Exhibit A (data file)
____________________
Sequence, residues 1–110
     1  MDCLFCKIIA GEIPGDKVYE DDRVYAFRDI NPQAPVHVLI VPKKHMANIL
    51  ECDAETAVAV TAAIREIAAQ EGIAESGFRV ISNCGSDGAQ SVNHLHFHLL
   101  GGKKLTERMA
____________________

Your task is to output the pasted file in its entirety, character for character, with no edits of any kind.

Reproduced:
Sequence, residues 1–110
     1  MDCLFCKIIA GEIPGDKVYE DDRVYAFRDI NPQAPVHVLI VPKKHMANIL
    51  ECDAETAVAV TAAIREIAAQ EGIAESGFRV ISNCGSDGAQ SVNHLHFHLL
   101  GGKKLTERMA